Ilocano Night at Fat Butchik’s

With a completely fresh take on the traditional Ilocano cuisine. Vince Santos is going back to his roots while reinventing himself through his dishes.

Coming from a pioneer batch of culinary arts students, Vince was one of the many students who I shared the kitchen with during high school.
He’s one of the very few loaded pistols that  decided to bring the heat to the kitchen.

Few years studying and working–in the world of food and beverage with Gourmet Farms in particular. With a completely fresh take on the traditional Ilocano cuisine. Vince Santos is going back to his roots while reinventing himself through his dishes.


Drawing inspiration from Dominique Crenn.





The First dish was his version of Dinengdeng. The Fish broth was complimented by the okra, pickled clams and the squash blossom. Topped off with some foam just like how fresh sea foam accumulates by the beach. I’ve never tasted anything like it, especially the pickled clams. In fact I wanted more of it, but we had to move on to the next dish.


Smokey Dashi Broth with Pickled Clams, Grilled Okra, Squash Blossoms & Clam “Sea” Foam



His version of Igado was pork tenderloin served on rice pilaf; generally a well balanced “kanin-to-ulam” ratio. It wasn’t as stellar compared to the soup but the liver paté added a unique element to the dish.


Grilled Pork Tenderloin with Garlic Pilaf, Chicken Liver Pate, Roasted Bell Pepper Puree, Green Pea Puree, & Adobo Tare sauce




Dinakdakan and Poqui-poqui

Served on a tortilla, it occupied the whole plate and was large enough to be conveniently held as a street food of sorts. I was somehow searching for some sourness in it, with a suggestion of Sukang Iloco to pair as a condiment. The grilled eggplant and the Pico de Gallo topping was a bit overpowering but gave native flavors all throughout. It wasn’t a favorite of mine but a friend loved it as it was his favorite dish so far.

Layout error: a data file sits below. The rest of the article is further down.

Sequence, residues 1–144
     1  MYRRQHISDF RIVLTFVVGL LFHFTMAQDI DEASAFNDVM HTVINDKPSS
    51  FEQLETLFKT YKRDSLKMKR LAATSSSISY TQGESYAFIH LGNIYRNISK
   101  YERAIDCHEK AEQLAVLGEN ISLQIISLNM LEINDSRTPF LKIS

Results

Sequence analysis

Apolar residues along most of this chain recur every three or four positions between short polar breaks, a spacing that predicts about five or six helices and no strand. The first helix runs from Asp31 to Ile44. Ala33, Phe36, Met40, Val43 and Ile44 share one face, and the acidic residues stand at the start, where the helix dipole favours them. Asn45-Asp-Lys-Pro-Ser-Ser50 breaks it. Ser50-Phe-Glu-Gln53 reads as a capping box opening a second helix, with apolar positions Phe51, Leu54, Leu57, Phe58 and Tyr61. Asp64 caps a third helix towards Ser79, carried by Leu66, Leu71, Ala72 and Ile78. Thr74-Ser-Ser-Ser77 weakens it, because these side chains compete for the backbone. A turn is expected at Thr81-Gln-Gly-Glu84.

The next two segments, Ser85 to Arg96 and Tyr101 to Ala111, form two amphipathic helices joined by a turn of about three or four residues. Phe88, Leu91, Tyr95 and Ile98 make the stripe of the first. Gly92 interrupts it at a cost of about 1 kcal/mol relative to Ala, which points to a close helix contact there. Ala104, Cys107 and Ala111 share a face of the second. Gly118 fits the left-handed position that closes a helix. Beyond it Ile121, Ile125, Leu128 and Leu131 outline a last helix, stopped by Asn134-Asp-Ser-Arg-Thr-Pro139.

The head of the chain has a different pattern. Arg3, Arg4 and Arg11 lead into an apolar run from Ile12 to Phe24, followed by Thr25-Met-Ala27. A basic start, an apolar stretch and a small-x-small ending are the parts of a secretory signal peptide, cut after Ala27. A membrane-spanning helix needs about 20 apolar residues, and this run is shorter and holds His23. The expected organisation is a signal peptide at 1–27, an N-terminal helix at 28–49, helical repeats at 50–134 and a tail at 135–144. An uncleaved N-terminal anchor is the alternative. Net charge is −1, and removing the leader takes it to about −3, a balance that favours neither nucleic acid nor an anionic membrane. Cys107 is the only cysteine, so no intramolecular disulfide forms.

Grilled Pork  Cheeks and Ears with Pig’s Brains and Creamy Grilled Eggplant Mash accompanied by Pico de Gallo in Homemade Sweet Potato Tortilla




The last dish he served was somehow interesting as he came up with the combination of the sweet and savory, a strong contrast of flavors. I genuinely enjoyed the crunch of the bagnet and the cold ice cream. The texture of the chocolate was interesting but we couldn’t wrap our hands to it until he revealed what the sauce was. The dinuguan aspect certainly caught us off guard.


Homemade Puto Ice Cream with Blood Chocolate sauce and Bagnet (flown straight from Ilocos)

Not to say the dishes weren’t spectacular, but the whole thing was just well balanced enough for the dinner to pull through. The Dinengdeng was certainly the highlight of the night.

The whole dinner was Php. 800 per head and was worth traveling to coming all the way from Makati. Now that he has a lot of time, with a bit more room to explore, I can’t wait what he’ll churn out for the next dinner.



Here’s Vince capping the night by entertaining his guests.
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